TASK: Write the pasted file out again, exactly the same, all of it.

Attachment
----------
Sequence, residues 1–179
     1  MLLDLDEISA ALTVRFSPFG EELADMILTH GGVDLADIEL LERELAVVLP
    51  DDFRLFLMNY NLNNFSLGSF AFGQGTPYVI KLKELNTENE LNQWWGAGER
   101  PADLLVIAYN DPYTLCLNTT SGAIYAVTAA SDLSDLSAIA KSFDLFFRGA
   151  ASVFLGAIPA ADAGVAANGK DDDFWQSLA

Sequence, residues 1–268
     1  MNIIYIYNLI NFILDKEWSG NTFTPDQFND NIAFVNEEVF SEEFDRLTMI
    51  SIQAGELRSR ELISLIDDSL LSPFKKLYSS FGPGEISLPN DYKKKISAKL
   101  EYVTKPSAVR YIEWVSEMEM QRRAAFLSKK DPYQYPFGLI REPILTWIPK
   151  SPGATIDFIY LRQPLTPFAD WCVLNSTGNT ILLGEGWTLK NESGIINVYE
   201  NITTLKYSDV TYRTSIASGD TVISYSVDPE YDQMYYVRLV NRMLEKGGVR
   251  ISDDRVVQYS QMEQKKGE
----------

Sequence, residues 1–179
     1  MLLDLDEISA ALTVRFSPFG EELADMILTH GGVDLADIEL LERELAVVLP
    51  DDFRLFLMNY NLNNFSLGSF AFGQGTPYVI KLKELNTENE LNQWWGAGER
   101  PADLLVIAYN DPYTLCLNTT SGAIYAVTAA SDLSDLSAIA KSFDLFFRGA
   151  ASVFLGAIPA ADAGVAANGK DDDFWQSLA

Sequence, residues 1–268
     1  MNIIYIYNLI NFILDKEWSG NTFTPDQFND NIAFVNEEVF SEEFDRLTMI
    51  SIQAGELRSR ELISLIDDSL LSPFKKLYSS FGPGEISLPN DYKKKISAKL
   101  EYVTKPSAVR YIEWVSEMEM QRRAAFLSKK DPYQYPFGLI REPILTWIPK
   151  SPGATIDFIY LRQPLTPFAD WCVLNSTGNT ILLGEGWTLK NESGIINVYE
   201  NITTLKYSDV TYRTSIASGD TVISYSVDPE YDQMYYVRLV NRMLEKGGVR
   251  ISDDRVVQYS QMEQKKGE